Baltimore poised to impose strict new youth curfew

Wed Jul 30, 2014 8:20am EDT
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By Ian Simpson

BALTIMORE (Reuters) - City officials in crime-ridden Baltimore on Tuesday defended plans for one of the toughest U.S. youth curfews against criticism from residents who were skeptical about police enforcement of the new law.

In a forum with residents, Mayor Stephanie Rawlings-Blake said the measure, set to take effect on Aug. 8, was aimed at getting children off the streets before they were put in danger.

"This is not about criminalizing young black children but to reach them before the only option for them is law enforcement," the mayor told the crowd of about 100 people.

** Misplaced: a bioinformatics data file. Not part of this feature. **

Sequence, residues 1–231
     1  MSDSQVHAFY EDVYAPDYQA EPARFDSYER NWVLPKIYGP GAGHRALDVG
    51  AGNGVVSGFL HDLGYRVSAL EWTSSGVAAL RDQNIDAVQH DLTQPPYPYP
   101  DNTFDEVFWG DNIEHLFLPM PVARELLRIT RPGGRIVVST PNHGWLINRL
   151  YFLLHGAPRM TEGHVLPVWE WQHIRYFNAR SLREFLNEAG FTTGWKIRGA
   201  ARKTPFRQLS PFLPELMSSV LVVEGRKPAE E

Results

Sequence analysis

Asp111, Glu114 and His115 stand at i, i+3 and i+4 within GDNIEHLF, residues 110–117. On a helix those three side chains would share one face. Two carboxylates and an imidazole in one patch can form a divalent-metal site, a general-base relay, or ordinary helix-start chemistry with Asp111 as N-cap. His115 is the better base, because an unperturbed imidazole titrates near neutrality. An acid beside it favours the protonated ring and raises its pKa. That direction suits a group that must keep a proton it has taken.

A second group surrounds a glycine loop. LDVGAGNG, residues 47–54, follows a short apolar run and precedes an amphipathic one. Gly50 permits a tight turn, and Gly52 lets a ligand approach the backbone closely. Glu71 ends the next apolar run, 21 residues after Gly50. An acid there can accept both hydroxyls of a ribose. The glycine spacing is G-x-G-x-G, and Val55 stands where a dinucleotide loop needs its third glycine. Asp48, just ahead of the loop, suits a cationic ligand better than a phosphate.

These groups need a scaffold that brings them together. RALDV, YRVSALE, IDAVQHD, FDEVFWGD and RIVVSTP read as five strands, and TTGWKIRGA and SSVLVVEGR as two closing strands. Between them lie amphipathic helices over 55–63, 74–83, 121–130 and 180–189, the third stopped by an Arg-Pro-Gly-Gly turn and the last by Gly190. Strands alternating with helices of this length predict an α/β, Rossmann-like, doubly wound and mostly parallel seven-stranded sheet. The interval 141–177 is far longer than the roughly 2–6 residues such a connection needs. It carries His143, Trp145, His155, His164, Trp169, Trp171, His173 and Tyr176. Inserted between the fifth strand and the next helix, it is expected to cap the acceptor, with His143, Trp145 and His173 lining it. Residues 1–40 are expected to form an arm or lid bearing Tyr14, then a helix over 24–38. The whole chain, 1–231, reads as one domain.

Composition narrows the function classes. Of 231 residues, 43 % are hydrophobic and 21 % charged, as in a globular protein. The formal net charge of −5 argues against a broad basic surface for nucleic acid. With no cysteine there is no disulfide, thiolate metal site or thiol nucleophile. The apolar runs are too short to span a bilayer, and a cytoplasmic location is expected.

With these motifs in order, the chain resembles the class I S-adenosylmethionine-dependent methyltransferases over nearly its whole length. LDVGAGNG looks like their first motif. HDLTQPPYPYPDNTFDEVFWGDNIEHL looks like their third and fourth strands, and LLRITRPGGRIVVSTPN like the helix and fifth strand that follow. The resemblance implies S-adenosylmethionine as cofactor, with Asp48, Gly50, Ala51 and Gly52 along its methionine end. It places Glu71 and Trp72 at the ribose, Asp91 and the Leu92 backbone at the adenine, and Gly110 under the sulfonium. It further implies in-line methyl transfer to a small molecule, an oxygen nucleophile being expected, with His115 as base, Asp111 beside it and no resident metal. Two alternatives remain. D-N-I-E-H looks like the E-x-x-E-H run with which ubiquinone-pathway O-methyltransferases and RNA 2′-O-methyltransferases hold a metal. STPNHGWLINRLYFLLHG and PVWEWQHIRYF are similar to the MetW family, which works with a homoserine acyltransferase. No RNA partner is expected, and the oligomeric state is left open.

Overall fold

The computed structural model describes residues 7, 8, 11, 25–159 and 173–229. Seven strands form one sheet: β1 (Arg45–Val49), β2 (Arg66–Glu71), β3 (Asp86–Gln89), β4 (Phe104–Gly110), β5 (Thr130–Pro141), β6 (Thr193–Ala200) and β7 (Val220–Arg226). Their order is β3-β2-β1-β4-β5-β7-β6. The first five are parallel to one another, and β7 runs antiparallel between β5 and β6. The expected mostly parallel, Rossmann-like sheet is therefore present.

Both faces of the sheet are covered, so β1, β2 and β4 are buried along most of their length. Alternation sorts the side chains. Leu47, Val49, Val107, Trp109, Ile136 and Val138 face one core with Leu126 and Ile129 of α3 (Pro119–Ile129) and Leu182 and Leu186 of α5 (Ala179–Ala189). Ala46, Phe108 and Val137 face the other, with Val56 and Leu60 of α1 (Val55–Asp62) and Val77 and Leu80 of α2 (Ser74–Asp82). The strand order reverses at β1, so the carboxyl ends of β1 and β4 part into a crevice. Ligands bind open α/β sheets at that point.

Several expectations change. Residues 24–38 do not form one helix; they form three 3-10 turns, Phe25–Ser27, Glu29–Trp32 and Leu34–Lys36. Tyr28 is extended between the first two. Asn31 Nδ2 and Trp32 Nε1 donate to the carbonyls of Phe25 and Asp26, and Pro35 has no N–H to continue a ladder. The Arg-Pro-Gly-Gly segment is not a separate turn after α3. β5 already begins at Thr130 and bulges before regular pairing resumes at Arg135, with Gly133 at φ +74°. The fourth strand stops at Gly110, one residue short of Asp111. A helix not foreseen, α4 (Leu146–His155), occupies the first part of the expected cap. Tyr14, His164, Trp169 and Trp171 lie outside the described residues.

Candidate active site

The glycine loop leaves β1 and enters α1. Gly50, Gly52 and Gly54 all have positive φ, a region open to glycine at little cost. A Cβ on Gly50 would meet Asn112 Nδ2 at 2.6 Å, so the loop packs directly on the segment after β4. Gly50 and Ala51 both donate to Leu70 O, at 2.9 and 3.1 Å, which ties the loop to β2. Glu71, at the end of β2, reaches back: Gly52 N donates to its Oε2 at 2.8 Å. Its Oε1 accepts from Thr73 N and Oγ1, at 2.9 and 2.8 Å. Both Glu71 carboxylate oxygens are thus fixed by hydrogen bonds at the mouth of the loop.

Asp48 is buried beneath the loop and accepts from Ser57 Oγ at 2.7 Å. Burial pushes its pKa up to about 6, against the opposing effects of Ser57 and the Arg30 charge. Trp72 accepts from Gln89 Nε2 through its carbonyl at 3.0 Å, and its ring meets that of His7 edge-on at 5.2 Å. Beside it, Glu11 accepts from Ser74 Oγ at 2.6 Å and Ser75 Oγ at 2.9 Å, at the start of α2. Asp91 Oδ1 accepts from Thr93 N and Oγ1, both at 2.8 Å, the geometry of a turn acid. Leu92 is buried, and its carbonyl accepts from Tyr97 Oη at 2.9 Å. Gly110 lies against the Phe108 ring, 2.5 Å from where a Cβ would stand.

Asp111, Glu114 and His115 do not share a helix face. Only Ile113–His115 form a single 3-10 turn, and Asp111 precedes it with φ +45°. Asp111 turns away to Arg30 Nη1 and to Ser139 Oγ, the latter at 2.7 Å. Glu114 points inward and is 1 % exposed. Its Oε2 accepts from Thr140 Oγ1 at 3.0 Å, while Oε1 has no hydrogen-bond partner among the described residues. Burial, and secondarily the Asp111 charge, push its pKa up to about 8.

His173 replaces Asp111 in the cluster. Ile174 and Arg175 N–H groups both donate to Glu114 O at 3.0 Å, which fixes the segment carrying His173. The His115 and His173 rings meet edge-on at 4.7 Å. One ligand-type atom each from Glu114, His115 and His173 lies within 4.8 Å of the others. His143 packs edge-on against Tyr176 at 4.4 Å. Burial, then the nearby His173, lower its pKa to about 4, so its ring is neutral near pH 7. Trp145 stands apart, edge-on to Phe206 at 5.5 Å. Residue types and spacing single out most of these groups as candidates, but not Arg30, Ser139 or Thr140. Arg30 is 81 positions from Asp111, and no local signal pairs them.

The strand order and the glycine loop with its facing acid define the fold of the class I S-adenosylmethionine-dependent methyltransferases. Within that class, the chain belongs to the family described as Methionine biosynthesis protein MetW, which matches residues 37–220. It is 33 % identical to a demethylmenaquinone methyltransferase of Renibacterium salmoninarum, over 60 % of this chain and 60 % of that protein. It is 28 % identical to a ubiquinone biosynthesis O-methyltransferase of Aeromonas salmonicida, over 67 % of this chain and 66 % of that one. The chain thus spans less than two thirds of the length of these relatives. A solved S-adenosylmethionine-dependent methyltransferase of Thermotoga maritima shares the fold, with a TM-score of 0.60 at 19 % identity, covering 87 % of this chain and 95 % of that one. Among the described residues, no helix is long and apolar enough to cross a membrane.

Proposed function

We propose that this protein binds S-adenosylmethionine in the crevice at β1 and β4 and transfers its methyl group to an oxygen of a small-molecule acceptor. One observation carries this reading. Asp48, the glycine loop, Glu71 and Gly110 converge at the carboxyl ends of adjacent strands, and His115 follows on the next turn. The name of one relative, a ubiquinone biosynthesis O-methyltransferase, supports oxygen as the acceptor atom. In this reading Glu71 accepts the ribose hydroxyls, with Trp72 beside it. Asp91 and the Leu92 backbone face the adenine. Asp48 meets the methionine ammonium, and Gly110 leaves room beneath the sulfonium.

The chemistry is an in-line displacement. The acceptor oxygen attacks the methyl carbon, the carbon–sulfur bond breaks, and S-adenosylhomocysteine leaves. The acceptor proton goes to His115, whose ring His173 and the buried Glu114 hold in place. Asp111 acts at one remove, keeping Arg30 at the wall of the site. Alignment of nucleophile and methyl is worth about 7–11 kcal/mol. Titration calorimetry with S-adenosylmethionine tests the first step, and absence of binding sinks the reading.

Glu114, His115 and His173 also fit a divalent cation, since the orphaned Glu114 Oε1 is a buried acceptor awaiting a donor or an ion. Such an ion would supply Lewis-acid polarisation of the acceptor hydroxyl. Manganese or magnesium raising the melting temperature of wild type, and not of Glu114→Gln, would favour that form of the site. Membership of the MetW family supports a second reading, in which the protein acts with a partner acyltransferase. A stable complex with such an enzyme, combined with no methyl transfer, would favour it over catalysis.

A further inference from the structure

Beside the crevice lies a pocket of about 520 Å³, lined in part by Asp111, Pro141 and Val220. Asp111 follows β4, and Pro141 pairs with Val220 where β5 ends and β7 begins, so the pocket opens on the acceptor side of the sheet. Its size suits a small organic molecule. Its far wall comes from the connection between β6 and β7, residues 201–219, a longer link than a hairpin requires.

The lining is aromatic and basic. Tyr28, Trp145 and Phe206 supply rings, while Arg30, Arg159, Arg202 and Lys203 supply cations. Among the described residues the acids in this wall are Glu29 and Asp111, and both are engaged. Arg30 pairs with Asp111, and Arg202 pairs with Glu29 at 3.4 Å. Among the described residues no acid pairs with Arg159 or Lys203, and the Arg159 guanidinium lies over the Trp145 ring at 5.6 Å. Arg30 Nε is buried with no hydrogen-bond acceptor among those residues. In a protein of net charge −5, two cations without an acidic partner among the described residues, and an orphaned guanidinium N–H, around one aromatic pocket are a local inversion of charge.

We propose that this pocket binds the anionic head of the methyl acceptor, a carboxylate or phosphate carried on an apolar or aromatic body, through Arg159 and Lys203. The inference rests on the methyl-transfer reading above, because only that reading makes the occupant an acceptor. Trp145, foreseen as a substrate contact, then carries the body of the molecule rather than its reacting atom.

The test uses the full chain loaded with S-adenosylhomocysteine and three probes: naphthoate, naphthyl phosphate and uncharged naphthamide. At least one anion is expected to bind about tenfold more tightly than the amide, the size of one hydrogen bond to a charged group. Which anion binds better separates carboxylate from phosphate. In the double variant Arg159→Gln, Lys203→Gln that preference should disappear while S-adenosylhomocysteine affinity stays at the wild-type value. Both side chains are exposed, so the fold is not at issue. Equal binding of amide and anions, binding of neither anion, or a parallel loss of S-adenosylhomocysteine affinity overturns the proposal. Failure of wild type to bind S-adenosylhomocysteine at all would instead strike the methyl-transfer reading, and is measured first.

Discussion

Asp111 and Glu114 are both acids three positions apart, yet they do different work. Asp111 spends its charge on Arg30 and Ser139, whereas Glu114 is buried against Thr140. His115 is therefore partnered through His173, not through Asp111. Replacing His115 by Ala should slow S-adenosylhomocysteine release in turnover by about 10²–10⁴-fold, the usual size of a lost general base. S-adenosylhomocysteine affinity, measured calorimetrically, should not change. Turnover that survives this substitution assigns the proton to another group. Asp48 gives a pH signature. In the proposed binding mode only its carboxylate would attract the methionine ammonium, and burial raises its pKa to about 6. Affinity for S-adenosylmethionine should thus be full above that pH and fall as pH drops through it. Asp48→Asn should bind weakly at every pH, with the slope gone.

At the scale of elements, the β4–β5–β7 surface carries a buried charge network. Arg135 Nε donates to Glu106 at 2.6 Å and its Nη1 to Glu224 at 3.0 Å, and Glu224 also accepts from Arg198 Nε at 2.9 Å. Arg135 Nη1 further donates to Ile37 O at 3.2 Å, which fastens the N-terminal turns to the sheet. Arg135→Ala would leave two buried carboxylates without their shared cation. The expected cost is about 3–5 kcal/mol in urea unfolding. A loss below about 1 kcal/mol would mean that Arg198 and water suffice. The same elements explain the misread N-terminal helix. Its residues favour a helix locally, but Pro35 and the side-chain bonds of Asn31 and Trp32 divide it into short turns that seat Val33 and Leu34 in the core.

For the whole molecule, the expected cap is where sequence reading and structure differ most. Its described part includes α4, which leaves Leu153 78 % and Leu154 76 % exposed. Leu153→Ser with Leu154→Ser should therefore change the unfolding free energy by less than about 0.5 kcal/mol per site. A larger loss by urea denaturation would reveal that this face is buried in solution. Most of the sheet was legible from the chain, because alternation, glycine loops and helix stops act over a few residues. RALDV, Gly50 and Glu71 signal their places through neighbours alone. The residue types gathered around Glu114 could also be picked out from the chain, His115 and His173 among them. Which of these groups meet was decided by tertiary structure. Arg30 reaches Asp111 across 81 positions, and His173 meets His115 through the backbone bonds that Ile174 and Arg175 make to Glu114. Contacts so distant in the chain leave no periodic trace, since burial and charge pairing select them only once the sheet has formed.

Police Commissioner Anthony Batts said he had sometimes come across children riding bicycles across the city at 3 a.m. When the parents were contacted, they had no idea where their children were, he said.

"They should not be out there, and you should be honest about that," Batts said.

The new curfew in Baltimore, the setting for such gritty television police dramas as "The Wire", will make it a violation for a youth under 14 to be outside their homes after 9 p.m. year-round. Those aged 14 to 16 would be banned from being outside on school nights after 10 p.m. and on other nights after 11 p.m.

Police could take violators to a curfew center, where they and the parents will have access to social services. Parents would have to take city-approved counseling classes and could face a $500 fine for repeat violations, up from the previous $300.

Children younger than 17 can now stay out until 11 on weeknights and until midnight on weekends.   Continued...

Brandon Wallace, 27, protests by wearing handcuffs before a community meeting with city officials about new youth curfew legislation going into effect on August 8 at the University of Baltimore Law Center in Baltimore Tuesday July 29, 2014. REUTERS/James Lawler Duggan